December 2018

Important phone numbers and websites

Pinellas County Emergency Management: (727) 464-3800 |

Find your evacuation level: (727) 453-3150 |

Special Needs Registration: (727) 464-3800 |

Follow Pinellas County Emergency Management on Twitter |

Download the new Ready Pinellas app |

Sign up for Pinellas County's Emergency Notification Service Alert Pinellas |

Set your Specific Area Message Encoding (SAME) equipped all-hazards alert radio for Pinellas County: Enter code 012103

If you know someone who would like to receive the e-Lert newsletter, have them visit


Pinellas County Emergency Management Director Cathie PerkinsFrom the Desk of Pinellas County Emergency Management Director Cathie Perkins

November 30 marked the official end of hurricane season

Though locally we were not directly impacted, this was a devastating year for the communities struck by wildfires and Hurricanes Florence and Michael. They are facing the difficult task of long-term recovery, but the response from around the country has been incredible.

It is the partnership of our agencies that assist with activities to relieve the impacts on areas hit by disaster that makes Emergency Management such an incredible department to work for. Pinellas County Emergency Management sent its own team to Bay County both prior to and after Hurricane Michael’s landfall to help them through the storm and in the initial aftermath.  With power and communications going out during the storm, it’s challenging to stay aware of all aspects of the situation. Our staff helped with crucial coordination at the Emergency Operations Center. Teams from other departments also traveled to help with security, fire protection, search and rescue, EMS, sheltering, utility restoration and animal services.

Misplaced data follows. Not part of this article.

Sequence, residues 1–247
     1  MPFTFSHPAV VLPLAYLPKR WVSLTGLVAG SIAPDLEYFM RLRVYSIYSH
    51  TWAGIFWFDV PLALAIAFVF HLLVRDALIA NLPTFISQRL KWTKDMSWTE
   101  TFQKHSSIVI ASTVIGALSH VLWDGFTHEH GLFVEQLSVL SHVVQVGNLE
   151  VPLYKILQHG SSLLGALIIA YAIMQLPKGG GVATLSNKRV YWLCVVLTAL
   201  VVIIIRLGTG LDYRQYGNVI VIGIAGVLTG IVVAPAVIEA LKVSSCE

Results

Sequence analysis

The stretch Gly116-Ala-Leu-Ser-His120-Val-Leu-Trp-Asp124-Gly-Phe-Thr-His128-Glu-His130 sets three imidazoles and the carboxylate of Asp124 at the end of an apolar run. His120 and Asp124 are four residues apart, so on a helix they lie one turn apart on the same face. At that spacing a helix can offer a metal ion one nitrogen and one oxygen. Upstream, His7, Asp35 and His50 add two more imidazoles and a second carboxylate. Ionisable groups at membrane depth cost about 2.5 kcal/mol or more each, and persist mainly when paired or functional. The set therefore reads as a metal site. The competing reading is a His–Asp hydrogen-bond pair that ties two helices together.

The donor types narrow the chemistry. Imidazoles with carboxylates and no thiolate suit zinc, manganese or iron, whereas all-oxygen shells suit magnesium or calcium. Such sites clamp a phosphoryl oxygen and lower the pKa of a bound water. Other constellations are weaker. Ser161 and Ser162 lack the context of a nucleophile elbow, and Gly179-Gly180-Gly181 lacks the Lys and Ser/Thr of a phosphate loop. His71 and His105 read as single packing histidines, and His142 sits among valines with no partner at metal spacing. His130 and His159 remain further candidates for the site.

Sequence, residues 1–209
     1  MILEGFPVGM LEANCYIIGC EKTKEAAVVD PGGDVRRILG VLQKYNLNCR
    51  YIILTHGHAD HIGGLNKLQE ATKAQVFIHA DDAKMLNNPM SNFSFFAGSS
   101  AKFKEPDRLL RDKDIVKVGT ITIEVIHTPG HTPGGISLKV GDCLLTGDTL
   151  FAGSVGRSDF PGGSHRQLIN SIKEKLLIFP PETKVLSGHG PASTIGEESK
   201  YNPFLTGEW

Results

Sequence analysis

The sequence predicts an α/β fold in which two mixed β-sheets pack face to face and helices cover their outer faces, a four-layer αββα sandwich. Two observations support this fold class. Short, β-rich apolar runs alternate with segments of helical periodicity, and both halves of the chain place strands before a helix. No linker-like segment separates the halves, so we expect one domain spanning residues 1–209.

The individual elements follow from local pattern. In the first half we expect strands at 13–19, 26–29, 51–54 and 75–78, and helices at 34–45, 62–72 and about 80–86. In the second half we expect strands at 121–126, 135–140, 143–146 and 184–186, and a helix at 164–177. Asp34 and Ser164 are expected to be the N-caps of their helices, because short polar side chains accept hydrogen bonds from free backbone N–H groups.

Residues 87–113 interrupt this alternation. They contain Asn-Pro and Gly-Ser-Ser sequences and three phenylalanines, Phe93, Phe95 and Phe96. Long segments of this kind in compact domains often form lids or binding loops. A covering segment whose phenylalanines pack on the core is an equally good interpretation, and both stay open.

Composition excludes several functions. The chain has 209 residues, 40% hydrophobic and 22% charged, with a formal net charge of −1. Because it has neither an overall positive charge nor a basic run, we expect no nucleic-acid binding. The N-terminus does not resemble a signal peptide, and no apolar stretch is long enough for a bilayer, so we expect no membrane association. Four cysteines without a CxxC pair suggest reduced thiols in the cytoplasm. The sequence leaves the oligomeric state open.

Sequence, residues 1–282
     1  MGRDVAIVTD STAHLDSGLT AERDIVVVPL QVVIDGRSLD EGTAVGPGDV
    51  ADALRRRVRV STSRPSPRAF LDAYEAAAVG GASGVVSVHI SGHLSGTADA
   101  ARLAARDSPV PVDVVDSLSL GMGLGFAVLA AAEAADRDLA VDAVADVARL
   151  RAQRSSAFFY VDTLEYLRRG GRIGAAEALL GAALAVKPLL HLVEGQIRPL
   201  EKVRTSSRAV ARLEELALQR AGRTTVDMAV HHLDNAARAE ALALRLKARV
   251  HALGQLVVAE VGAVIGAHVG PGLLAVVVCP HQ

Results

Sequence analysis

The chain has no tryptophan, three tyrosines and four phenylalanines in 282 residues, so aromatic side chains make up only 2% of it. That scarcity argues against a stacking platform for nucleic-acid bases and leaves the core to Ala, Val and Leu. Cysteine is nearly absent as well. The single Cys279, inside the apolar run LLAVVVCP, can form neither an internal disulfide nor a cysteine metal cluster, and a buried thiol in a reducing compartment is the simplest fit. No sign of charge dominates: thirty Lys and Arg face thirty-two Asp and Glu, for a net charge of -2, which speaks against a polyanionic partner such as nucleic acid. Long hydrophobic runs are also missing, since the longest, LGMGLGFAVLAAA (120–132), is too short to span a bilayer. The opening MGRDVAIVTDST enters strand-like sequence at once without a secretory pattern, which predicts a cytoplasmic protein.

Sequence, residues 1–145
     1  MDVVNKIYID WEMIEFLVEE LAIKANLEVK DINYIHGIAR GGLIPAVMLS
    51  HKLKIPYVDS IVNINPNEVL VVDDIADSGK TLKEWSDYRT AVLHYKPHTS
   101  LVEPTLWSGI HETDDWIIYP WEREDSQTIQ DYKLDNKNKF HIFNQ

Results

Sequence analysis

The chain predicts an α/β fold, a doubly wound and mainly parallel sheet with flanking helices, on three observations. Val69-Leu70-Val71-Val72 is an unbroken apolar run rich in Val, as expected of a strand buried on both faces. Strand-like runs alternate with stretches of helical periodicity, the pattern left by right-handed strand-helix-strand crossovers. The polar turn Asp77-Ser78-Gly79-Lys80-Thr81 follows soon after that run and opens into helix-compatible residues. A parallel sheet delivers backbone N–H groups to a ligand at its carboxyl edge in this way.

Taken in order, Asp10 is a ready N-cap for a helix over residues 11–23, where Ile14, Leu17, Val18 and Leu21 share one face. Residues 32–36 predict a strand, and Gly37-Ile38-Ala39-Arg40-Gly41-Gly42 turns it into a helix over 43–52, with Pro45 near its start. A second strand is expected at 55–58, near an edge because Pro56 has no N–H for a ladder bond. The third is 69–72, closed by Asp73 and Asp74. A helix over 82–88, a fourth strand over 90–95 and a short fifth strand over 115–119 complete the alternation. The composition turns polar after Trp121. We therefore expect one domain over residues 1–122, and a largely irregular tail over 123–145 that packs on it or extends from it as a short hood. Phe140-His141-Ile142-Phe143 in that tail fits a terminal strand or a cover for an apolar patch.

As was witnessed by these two storms, you can clearly see that no two hurricanes are the same. Hurricane Florence’s Sept. 14 landfall in North Carolina caused massive flooding. Then, on Oct. 10, Hurricane Michael’s storm surge of over 15 feet and its 155 mph winds damaged everything in its path.  It is so important that as a community we remain prepared and informed.  If you have not already done so, we encourage you to sign up for Alert Pinellas  so you can receive notifications on your phone to keep you informed.  

We are already studying the lessons of these two storms to learn how we can better prepare and protect Pinellas County. I have had the fortunate pleasure to join the Pinellas County Emergency Management team as the new director, and I look forward to sharing these lessons with our residents and our businesses in the coming months. We will build upon the strengths of this community to make us better prepared for our future.

We wish you all a very happy and safe holiday season.

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365 days

Preparedness is a year-round activity, and now with the cooler weather arriving, it is the perfect time to work on larger house projects that will make your homes and businesses more storm ready. There is a host of information online to help guide you as you make your home more resilient against wind and water.